With so many players in the last year of their deals and Mike Rizzo being a GM that likes to think more about the year after next than simply next year this could be an interesting off-season for the Nationals. With the potential for it to go in so many directions and for it to be quite unpredictable I am going to highlight a few of the players the Nats could go after starting with an international free agent who is going to be posted this November. Jung-Ho Kang is a shortstop by trade and has won the KBO equivalent of the gold glove but there are questions about both his bat and his glove, and how they translate to the major leagues.

Those questions exist about every international free agent or hot prospect for that matter. Until a player does it at the major league level there are going to be questions. There were questions about Yu Darvish, Masahiro Tanaka, Yoenis Cespedes, Yasiel Puig, and Jose Abreu as well and so far they have all had success in the major leagues, but that doesn’t mean the questions are unfounded. Jung-Ho Kang could be a flop, and there isn’t as much track record for KBO hitters as there is for Cuban hitters or Japanese pitchers. Teams should be wary, but they should also recognize this as a way to get talent that doesn’t cost prospects with a larger upside reward than regular free agency.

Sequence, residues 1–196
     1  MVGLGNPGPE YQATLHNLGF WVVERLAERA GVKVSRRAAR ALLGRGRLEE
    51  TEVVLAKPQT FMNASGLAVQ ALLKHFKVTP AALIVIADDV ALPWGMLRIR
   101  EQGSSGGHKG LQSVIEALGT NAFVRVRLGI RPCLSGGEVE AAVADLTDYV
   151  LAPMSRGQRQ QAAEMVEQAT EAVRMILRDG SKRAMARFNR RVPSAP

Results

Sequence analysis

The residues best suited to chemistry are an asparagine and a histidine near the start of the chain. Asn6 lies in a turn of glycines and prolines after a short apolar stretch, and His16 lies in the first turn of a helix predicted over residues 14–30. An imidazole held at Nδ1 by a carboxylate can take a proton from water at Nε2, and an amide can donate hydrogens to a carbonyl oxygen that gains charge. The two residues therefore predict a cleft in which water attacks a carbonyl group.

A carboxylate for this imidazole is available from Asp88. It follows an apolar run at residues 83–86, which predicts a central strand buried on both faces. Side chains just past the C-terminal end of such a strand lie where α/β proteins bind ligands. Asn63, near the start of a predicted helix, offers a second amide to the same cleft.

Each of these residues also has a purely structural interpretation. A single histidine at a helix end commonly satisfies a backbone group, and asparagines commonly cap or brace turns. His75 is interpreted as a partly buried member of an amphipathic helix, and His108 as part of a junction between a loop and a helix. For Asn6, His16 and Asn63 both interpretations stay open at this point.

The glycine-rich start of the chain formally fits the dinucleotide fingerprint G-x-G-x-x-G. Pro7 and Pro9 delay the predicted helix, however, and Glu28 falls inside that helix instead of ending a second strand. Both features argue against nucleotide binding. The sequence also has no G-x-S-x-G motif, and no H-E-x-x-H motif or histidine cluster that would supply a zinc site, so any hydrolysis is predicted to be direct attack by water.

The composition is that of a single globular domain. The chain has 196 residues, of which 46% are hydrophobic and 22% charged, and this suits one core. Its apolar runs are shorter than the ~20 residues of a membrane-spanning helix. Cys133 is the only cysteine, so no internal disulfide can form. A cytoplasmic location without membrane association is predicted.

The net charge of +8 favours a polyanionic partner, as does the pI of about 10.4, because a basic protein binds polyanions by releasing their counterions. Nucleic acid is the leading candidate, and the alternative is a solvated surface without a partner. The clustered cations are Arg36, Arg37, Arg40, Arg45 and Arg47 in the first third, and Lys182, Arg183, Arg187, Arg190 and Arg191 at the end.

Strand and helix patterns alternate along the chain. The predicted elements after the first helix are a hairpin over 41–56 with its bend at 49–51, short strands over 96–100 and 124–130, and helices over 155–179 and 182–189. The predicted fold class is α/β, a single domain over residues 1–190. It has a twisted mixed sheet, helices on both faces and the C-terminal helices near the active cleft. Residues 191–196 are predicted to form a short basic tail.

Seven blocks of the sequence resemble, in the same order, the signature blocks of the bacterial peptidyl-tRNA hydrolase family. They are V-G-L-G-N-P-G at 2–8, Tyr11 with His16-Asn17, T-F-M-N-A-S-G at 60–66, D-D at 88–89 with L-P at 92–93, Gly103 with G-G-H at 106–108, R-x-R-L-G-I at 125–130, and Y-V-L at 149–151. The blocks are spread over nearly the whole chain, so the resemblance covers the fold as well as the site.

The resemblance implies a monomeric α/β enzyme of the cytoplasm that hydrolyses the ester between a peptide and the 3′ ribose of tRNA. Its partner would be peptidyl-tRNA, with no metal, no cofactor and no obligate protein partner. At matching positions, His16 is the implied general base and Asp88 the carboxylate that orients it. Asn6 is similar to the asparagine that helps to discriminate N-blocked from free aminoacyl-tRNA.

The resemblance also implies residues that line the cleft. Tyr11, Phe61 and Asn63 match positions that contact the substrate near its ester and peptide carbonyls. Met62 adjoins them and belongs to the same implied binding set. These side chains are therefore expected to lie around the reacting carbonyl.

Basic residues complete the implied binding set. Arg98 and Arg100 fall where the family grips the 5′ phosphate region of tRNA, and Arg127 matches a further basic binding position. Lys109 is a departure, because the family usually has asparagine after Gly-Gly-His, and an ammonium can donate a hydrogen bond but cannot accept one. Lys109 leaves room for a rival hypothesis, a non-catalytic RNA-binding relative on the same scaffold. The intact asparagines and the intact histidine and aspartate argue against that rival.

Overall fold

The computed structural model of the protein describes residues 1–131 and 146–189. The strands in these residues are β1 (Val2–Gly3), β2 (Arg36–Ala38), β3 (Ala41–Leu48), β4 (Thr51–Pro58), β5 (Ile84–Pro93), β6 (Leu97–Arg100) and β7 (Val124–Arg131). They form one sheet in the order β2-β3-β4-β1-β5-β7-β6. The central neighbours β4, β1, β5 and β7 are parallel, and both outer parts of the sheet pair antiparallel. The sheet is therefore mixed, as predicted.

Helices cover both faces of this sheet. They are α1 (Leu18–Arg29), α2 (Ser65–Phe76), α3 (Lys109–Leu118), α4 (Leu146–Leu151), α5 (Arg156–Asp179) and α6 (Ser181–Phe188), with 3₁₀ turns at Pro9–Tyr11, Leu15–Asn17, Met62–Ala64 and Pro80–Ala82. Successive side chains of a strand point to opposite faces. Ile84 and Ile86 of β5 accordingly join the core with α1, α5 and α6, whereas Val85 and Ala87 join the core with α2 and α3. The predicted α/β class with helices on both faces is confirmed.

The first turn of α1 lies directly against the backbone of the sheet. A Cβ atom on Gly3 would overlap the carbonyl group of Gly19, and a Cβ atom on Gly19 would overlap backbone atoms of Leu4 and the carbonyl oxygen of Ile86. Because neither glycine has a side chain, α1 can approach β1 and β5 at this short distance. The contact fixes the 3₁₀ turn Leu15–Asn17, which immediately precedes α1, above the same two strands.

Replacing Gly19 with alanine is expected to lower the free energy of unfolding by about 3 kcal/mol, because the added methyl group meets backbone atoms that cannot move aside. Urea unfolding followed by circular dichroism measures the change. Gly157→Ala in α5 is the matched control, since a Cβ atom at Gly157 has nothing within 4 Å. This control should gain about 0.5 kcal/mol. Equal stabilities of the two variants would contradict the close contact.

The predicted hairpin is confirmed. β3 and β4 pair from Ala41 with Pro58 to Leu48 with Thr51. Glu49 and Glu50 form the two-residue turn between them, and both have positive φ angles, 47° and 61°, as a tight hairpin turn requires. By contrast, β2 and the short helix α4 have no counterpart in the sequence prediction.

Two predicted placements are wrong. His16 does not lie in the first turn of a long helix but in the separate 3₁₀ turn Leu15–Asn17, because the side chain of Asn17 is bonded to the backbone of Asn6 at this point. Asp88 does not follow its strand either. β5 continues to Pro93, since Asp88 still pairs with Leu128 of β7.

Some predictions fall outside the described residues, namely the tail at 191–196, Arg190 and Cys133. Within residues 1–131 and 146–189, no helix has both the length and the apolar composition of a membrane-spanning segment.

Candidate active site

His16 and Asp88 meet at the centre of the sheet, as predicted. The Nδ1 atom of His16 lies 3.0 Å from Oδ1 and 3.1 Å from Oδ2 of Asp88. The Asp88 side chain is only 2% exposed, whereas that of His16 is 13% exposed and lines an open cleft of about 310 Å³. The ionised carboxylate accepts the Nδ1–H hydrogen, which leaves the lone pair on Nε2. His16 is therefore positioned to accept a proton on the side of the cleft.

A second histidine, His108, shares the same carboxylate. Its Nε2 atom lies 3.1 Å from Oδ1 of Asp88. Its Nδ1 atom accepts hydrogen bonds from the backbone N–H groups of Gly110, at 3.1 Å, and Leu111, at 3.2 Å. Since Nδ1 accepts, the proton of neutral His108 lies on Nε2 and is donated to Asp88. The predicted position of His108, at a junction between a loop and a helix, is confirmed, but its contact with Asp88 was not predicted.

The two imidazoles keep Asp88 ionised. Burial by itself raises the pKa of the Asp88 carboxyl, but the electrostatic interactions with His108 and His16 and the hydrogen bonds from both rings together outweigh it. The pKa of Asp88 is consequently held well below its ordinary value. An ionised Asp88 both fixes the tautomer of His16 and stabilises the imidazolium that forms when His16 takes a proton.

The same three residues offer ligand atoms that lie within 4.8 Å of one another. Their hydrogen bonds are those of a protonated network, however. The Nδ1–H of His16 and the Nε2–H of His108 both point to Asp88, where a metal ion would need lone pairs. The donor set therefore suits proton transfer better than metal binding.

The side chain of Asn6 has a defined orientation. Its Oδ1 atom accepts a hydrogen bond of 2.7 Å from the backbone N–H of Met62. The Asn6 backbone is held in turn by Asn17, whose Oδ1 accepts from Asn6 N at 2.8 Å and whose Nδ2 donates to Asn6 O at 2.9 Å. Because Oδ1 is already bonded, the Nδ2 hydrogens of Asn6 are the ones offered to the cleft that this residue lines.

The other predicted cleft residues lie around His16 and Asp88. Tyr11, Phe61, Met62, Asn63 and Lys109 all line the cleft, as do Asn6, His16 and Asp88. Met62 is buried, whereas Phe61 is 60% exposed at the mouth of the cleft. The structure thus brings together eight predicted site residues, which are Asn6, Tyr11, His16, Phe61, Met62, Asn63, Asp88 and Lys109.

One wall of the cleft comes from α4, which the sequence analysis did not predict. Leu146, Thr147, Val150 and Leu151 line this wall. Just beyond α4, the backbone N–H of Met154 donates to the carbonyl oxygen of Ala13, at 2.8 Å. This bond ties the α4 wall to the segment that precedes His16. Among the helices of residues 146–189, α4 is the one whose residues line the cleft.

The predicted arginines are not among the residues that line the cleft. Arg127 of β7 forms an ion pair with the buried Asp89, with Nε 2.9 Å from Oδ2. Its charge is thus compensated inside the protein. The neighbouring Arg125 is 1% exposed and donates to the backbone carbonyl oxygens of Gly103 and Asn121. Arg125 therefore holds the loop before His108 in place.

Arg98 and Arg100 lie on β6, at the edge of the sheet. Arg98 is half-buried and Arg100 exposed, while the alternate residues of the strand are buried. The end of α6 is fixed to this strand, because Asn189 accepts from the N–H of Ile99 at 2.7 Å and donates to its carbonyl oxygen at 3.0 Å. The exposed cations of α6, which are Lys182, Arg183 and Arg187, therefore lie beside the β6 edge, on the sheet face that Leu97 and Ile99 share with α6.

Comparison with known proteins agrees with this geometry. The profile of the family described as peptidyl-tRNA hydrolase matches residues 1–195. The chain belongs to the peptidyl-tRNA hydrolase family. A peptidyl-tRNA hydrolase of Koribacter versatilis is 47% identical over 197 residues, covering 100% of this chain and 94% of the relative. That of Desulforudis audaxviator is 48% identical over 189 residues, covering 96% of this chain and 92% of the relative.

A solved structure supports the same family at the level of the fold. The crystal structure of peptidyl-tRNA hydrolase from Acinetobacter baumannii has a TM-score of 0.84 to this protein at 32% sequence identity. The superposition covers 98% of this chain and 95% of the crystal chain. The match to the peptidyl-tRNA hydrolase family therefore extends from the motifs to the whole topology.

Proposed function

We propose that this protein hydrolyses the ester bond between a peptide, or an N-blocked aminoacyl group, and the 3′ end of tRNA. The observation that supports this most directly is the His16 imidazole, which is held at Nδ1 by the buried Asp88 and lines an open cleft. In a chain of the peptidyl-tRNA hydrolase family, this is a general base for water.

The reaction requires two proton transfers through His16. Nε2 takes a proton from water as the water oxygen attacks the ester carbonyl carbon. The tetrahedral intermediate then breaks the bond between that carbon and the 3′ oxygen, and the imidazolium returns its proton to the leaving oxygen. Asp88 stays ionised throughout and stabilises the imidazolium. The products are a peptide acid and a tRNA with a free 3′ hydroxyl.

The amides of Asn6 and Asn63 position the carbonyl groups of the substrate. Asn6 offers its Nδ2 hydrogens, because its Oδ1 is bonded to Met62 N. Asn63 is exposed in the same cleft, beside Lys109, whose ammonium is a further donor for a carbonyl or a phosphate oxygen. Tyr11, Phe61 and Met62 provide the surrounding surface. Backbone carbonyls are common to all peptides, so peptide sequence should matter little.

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The Playoffs Stink

I was originally going to write this right after Game 4, but I determined I was just too angry to give a fair assessment. The day after was a bit better, but I still wasn’t ready to do a deep dive into what went wrong. So here we are, having slept on it, pondered it, slept some more and pondered some more. Simply stated the playoffs stink. They’re an awful jumble of emotions and anxiety that no one should be put through willingly and yet we’re overjoyed when the occasion occurs. Make no mistake though, the Nationals did not lose this series because they are cursed, or because they aren’t a fundamentally sound team or didn’t “want” it enough. All of that is a bunch of hooey sold by snake charmers who don’t have two brain cells to rub together and come up with an actual piece of real analysis. Continue reading